5.3 Dataset

In order to evaluate our approach, we have performed several experiments using a collection of Web pages5 crawled from Yahoo6 directory. All the Web pages collected were stored with their respective images to extract the textual evidence depicted in Sect. 4.2. Table 6 presents some statistics about the collection used in the experiments. The image database is very heterogeneous, with no categorization or subdivision in classes, and the images were stored in the same way they were collected, with no post-processing or dimension reduction. We considered as distinct images those that present distinct absolute URLs. Therefore, images that appeared in distinct pages, were considered distinct images. Our experiments were conducted using 50 keyword-based queries in Portuguese extracted from a log of a real image search engine.7 The queries used in our experiments were: Rio de Janeiro beach, sunset, Fernando de Noronha, map of Brazil, church, football ball, Serra da Canastra, Jesus, carnival photos, flower pot, Mônica’s gang, Gloria Hotel, mangalarga horse, Marisa Monte, shark, Linux, Skol beer, coke, Carrefour, Corcovado, basset, Pirenópolis, Machado de Assis, Brazil empire, ranch, military dictatorship, missing children, marijuana, Backstreet Boys, Pokemon, indians, Corinthians, Barbie, roses, palm, landscape, fruits, Halloween, graduation, global warming, beaches, Christmas, dog, baby, coloring, Flamengo, Santa Claus, animals, newspaper, and virus.
Table 6

Statistics of the data set used in our experiments

Collection’s size

21 GB

Number of HTML pages

89,568

Number of distinct images

195,794

Number of test queries

50

Average number of images per query pool

62

Average number of relevant images per query pool

28

We adopted TREC-style pooling of the retrieved images with a pool depth of 30. For each query, we ran the baseline methods and assembled the 30 top ranked images retrieved by each ranking strategy. For the Bayesian model, all seven strategies presented in Table 5 were considered. These images were pooled into a unique set of candidate images for each query. Thus, in this way, it was not possible to tell which ranking strategy retrieved which image. Each pool was then evaluated by a group of volunteers as relevant or non-relevant with regard to its respective test query. At the end of the evaluation, we have a set of images for each image query, labeled as relevant or non-relevant, independently of how they were retrieved. This set of images formed a pool with 62 images on average per query (relevant and non-relevant). Considering only the relevant images there were 28 images on average per query pool, as presented in Table 6. This pooling method was the same method used in [6, 23]. It avoids the need to evaluate the whole collection. Further, it guarantees that the user will not have any information about the ranking strategy adopted to retrieve the images, thus providing an unbiased evaluation.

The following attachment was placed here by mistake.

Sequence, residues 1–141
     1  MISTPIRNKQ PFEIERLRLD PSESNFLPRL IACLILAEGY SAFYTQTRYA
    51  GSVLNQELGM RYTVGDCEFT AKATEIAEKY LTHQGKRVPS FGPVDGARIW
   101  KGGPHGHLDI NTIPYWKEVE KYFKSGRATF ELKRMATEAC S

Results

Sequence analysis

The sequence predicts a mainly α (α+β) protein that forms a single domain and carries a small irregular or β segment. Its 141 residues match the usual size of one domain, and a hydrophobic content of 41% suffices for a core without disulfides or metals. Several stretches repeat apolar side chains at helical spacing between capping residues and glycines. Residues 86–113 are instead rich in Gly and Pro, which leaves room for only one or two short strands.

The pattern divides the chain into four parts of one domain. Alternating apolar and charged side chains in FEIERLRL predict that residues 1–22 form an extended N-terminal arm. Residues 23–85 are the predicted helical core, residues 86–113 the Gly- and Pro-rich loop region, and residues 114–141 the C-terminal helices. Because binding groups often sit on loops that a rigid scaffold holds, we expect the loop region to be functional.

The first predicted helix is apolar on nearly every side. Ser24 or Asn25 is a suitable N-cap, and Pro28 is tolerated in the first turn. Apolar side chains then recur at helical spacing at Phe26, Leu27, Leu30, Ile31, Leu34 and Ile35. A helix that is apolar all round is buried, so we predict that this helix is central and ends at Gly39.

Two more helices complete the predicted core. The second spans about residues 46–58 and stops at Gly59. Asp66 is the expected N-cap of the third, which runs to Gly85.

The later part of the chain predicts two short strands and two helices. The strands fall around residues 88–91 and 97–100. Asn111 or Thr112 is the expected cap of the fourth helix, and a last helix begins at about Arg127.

5.4 Evaluation metrics

To evaluate the performance of our approach against the baselines, we used Precision@N and MAP measures over all relevant documents. We also plot all retrieval results in precision-recall curves. These metrics are detailed as follows.
  • Precision at N Position (P@N) [2] for a given query, its precision for the top \(N\) results of the ranking list is defined as Eq. 6, where \(\mid {\text{ rel}}_N \mid \) is the number of relevant images in top \(N\) results.
    $$\begin{aligned} {\text{ P@N}} = \frac{\mid {\text{ rel}}_N \mid }{N} \end{aligned}$$
    (6)
  • MAP [2] is a popular metric used in IR that provides a single-figure measure of quality across all recall levels. It is defined as the mean of average precisions over a set of queries and computed by Eq. 7, where \(k\) is the total number of queries and \(P_\mathrm{q}\) is the average precision for the query \(q\).
    $$\begin{aligned} {\text{ MAP}} = \frac{1}{k}\sum _{q=1}^kP_\mathrm{q} \end{aligned}$$
    (7)
    \(P_\mathrm{q}\) is defined by Eq. 8, where \(m\) is the number of retrieved documents for the query \(q, n\) is the number of relevant documents for the query \(q\) and \(r_{\mathrm{q}_i}\) is a binary function indicating whether the \(i\)th document is relevant or not for the query \(q\).
    $$\begin{aligned} P_\mathrm{q} =\frac{1}{n}\left(\sum _{i=1}^m r_{\mathrm{q}_i} \times \frac{1}{i}\sum _{j=1}^ir_{\mathrm{q}_j}\right) \end{aligned}$$
    (8)
  • Precision/recall are defined in terms of a set of retrieved documents by a given approach and a set of relevant documents for a certain topic. Precision is the fraction of retrieved documents which is relevant and recall is the fraction of the relevant documents which has been retrieved.